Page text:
British Food Importers and Distributors Association – Written Evidence (TIG0005)

 

Our Association represents the leading importers of ambient foodstuffs with an annual turnover of approximately £ 3 Billion. Our members import substantial quantities of products from the EU, namely, Dried Pasta, the full range of tomato products, canned tuna and mackerels, canned sweet corn, canned peaches, evaporated milk, and olive oil.

 

Principally for climatic reasons and in the case of canned tuna products the absence of a distant-water fleet or processing plants, none of these products can be sourced domestically.

 

Our evidence illustrates our members experience with importing and in some cases exporting goods to the EU and Northern Ireland.

 

  1. Origin Rules

Unworkable arrangements agreed in respect of rules of origin in trade between the EU and the UK and vice-versa defining the criteria by which a product qualifies for claiming origin preference.

 

Negotiators on both sides seemed unaware of the historical chain of supplying Northern Ireland and Ireland via mainland UK. Due to the absence of direct shipping routes, for example, from Italian Ports goods are being shipped to English Ports.

Retailers, Cash & Carry’s, Wholesalers etc. in Northern Ireland and the Republic order pallet loads of assorted products, deliveries are arranged from the importers Warehouse and therein lies the problem with the new origin rules.

 

When importing products, say for example full containers of canned peeled tomatoes from Italy into free circulation, i.e., cleared through UK Customs, and then send pallet loads on a lorry across the Irish Sea to the Republic either direct or crossing Northern Ireland, because no further processing has taken place, these canned peeled tomatoes in spite being of EU origin, lose that origin and cannot acquire UK origin. Consequently, on import in the Republic these canned tomatoes are liable for the EU’s MFN duty of 14%.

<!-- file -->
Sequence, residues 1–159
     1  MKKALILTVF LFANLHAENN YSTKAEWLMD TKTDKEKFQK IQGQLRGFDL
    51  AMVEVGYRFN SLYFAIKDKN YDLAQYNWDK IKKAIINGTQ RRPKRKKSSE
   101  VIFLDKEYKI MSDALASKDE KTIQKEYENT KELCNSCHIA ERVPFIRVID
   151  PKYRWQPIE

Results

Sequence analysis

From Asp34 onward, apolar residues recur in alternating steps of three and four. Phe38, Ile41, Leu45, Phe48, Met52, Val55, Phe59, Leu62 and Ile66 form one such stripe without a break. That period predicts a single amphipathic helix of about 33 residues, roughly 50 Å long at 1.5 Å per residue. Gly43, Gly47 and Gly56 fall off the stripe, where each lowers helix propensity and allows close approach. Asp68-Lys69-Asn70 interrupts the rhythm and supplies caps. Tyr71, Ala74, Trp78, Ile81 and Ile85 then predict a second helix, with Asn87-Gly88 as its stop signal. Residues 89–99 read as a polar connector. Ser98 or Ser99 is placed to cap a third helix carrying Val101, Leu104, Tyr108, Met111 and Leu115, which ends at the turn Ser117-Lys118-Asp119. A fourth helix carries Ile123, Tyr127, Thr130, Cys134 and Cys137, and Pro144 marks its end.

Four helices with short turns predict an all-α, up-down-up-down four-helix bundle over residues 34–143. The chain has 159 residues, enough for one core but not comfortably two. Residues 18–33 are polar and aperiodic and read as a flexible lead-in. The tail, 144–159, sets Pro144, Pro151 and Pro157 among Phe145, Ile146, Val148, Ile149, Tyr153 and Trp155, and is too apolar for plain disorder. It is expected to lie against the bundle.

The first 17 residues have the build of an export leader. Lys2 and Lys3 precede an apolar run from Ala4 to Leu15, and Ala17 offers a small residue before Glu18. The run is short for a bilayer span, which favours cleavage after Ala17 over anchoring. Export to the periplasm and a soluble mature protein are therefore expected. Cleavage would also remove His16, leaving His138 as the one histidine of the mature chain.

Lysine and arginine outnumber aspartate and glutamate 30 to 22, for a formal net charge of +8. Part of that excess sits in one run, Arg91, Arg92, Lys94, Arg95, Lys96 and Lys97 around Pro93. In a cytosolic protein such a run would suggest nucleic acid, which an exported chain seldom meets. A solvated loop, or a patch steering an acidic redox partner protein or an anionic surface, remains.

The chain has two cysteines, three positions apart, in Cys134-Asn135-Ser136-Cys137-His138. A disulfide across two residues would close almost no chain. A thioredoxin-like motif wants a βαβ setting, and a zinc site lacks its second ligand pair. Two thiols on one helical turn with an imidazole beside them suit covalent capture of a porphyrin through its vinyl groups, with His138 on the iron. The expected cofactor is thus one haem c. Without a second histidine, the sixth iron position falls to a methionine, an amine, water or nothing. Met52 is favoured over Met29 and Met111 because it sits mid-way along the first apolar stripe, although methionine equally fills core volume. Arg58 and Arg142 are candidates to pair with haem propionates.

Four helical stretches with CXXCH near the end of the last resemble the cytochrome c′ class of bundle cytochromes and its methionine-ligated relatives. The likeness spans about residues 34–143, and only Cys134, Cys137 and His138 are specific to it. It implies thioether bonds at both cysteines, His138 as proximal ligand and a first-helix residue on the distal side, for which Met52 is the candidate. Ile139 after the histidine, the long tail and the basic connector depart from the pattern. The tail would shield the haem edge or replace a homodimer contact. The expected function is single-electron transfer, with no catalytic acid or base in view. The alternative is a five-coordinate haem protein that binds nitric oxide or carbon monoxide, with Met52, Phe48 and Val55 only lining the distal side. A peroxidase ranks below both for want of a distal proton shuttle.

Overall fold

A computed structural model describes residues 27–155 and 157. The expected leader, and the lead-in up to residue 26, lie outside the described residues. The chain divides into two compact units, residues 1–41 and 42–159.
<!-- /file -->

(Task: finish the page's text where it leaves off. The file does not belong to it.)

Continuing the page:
Products imported in the UK from countries with a free trade agreement with both the EU and UK cannot be exported duty-free to the EU.

 

As it would seem it is impossible to address the issue of rules of origin without renegotiating the Trade and Partnership agreement, some members have decided to suspend sales to their Northern Ireland and the Republic customers for the time being.

 

 

  1. ROR transport problems across the short strait

Paperwork for exports to the EU are still problematic whereas controls of imports from the EU have been postponed thrice, hopefully importers will have been sufficiently informed of procedures at the start of 1 January 2022.

 

HGV driver shortages continue to be a problem with proposed remedies unlikely to have much of an impact. So far EU truck drivers are reluctant to service the UK afraid of delays and COVID 19. The shortage of truck drives also has an impact at several ports, in particular Felixstowe to the extent that current lengthy delays means that some shipping lines decided not to service Felixstowe.

In summary, the Trade and Partnership Agreement with the EU may provide duty-free preference trade, it does not, however, provide for frictionless trade and added to the administrative burdens in our own sector and no doubt other sectors of the UK Food Industry.

 

The result is rising food inflation which will continue into next year and the year after and the UK consumers will have to pick up the tab.

 

28th October 2021